• Maya Biosphere Reserve, Guatemala and Mexico: This transboundary reserve covers a significant portion of the Mesoamerican Biological Corridor, extending across Guatemala and Mexico. The Maya Biosphere Reserve in Guatemala and the Calakmul Biosphere Reserve in Mexico together form this important conservation area. It protects tropical forests and archaeological sites.

  • La Amistad International Park, Costa Rica and Panama: Straddling both Costa Rica and Panama, this park covers a substantial portion of the MBC. This UNESCO World Heritage Site preserves highland and lowland ecosystems in both countries. It plays a crucial role in maintaining biodiversity.

  • Indio Maíz Biological Reserve, Nicaragua: Situated along the San Juan River in Nicaragua and part of the larger Indio Maíz-Tortuguero Biological Corridor, this reserve safeguards the biodiversity of the region, including lowland tropical rainforests.

  • Cusuco National Park, Honduras: Located in the mountainous highlands of Honduras, this protected area is home to cloud forests and high-altitude ecosystems. It is a vital conservation unit for unique species adapted to these environments.

  • Sian Ka'an Biosphere Reserve, Mexico: This UNESCO World Heritage Site extends along the coasts of Mexico. It is a diverse reserve that combines coastal wetlands, tropical forests, and extensive marine areas that provide habitat for a wide range of species.

  • Corcovado National Park, Costa Rica: Situated on the Osa Peninsula in Costa Rica, Corcovado National Park is renowned for its pristine rainforests and rich biodiversity, including iconic species like jaguars, tapirs, and scarlet macaws.

  • Coiba National Park, Panama: Located on Coiba Island, off the coast of Panama, Coiba National Park is home to diverse marine and terrestrial ecosystems, contributing to the conservation of coral reefs and a wide variety of marine species.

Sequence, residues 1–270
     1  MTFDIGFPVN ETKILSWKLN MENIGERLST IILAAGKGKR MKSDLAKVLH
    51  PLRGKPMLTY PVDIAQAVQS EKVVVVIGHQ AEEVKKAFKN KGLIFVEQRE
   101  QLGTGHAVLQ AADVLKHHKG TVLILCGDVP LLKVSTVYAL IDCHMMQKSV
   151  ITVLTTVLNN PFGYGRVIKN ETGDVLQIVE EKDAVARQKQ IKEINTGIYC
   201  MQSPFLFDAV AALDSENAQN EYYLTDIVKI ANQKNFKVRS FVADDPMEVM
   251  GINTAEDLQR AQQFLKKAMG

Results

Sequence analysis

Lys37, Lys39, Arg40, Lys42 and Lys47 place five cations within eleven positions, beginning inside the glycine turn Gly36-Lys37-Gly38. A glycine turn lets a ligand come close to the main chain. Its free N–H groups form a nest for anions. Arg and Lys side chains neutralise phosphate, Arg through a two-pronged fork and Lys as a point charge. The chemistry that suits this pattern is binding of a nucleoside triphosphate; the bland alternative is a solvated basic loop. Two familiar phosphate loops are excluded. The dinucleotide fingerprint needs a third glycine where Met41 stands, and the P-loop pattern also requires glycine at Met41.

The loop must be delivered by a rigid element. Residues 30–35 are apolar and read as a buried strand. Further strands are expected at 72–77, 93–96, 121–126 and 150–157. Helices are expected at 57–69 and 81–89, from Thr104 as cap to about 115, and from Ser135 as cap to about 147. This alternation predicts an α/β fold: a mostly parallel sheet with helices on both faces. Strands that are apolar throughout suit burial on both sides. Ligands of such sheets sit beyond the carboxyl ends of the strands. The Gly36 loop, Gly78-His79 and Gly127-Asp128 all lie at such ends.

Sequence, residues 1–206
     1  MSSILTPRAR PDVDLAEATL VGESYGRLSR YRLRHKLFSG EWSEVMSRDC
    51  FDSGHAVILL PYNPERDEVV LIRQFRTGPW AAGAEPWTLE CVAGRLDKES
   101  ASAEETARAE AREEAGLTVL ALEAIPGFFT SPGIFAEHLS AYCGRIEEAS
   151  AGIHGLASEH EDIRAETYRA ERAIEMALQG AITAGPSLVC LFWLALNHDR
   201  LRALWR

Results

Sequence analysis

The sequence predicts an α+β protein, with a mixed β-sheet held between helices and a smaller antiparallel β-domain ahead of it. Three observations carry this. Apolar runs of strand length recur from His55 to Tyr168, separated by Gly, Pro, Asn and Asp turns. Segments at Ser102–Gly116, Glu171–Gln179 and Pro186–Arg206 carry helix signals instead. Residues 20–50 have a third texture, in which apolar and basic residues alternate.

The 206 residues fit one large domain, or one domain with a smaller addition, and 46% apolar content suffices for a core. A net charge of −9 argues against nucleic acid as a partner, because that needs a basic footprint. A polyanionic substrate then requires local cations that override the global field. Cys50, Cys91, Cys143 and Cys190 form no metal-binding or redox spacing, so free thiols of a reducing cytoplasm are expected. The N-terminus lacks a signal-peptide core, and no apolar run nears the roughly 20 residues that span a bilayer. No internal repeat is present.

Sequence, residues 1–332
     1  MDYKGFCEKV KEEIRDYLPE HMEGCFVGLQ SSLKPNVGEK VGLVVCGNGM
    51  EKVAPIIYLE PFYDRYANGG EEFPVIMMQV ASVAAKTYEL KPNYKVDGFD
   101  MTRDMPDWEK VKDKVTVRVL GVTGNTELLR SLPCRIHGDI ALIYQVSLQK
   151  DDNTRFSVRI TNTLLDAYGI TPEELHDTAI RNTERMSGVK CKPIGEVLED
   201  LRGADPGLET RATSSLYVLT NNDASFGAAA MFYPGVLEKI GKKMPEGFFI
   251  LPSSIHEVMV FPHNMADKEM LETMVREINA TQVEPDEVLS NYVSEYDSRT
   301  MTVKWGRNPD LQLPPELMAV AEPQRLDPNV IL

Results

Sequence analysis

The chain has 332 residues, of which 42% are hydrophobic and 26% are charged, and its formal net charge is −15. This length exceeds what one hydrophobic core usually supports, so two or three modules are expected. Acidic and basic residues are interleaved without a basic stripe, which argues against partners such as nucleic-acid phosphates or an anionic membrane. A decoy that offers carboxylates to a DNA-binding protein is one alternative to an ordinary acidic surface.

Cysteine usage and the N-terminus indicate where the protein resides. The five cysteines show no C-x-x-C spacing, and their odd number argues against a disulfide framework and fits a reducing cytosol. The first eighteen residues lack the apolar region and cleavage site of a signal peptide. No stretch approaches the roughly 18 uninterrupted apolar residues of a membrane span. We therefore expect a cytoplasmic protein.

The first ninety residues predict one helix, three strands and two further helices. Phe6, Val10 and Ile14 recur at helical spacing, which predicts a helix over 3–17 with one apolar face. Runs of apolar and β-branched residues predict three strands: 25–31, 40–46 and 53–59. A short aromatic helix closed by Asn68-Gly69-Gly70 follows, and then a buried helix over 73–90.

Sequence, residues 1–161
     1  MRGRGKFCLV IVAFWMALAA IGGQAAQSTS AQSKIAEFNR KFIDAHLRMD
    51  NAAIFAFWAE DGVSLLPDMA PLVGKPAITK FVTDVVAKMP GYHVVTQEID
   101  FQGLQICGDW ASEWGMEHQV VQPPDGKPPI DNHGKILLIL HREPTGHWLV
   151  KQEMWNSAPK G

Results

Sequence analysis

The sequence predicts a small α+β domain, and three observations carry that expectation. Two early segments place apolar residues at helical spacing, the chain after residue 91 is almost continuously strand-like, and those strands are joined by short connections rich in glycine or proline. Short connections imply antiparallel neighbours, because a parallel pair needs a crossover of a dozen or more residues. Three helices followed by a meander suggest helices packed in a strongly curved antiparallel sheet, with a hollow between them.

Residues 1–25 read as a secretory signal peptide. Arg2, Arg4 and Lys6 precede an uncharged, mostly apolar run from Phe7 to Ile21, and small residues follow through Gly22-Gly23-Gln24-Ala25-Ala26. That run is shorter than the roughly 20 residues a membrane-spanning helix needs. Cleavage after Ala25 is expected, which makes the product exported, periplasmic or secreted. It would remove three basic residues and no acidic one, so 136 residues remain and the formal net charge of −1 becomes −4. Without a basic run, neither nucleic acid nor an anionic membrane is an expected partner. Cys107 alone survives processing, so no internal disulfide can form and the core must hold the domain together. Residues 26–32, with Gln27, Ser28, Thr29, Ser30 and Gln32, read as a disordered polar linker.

• Tikal National Park, Guatemala: Located in the northern region of Guatemala, Tikal is a UNESCO World Heritage Site known for its archaeological significance and the protection of tropical forests that host diverse wildlife.

  • Tawahka Asang Biosphere Reserve, Honduras: Situated in Honduras, this biosphere reserve plays a critical role in MBC conservation efforts. Tawahka Asang encompasses a range of ecosystems, from tropical rainforests to rivers, and is vital for biodiversity preservation.

Overall Significance

The Mesoamerican Biological Corridor holds immense significance on various fronts:

  • Biodiversity Conservation: The corridor is home to an astonishing array of biodiversity, including endangered species like jaguars, scarlet macaws, and sea turtles. By connecting fragmented habitats and preserving ecosystems, it plays a pivotal role in safeguarding this rich diversity.

  • Ecosystem Services: The MBC ensures the continuity of essential ecosystem services such as water regulation, carbon sequestration, and soil protection, contributing to regional and global environmental stability.

  • Climate Change Mitigation: The corridor aids in mitigating climate change by maintaining large, intact landscapes capable of sequestering carbon and by acting as a buffer against the impacts of climate change.

  • Sustainable Development: The MBC promotes sustainable development by encouraging responsible land use practices and ecotourism. It supports local communities, fostering a harmonious relationship between people and nature.

  • Regional Collaboration: The MBC exemplifies international cooperation, with countries working together to address shared conservation challenges, fostering diplomatic relations and cooperation for environmental goals.


The Mesoamerican Biological Corridor faces a number of challenges, including deforestation, habitat fragmentation, and climate change. Deforestation is a major threat to the MBC, as it destroys habitat and fragments the corridors. Habitat fragmentation can prevent plants and animals from moving between the protected areas, which can lead to population decline and extinction. Climate change is also a threat to the MBC, as it is causing changes in temperature, precipitation, and sea level. These changes can make it difficult for plants and animals to survive in their current habitats.

Conservation Efforts

The Mesoamerican Biological Corridor is one of the most important conservation initiatives in the world. The MBC protects an incredible diversity of plant and animal life and provides important benefits to people and nature. However, the MBC faces a number of challenges, such as deforestation, habitat fragmentation, and climate change.

The MBC represents a model for regional and transnational cooperation in biodiversity conservation. Its history, geographical extent, network of conservation units, and overall significance underscore its importance as a linchpin in Central American conservation efforts.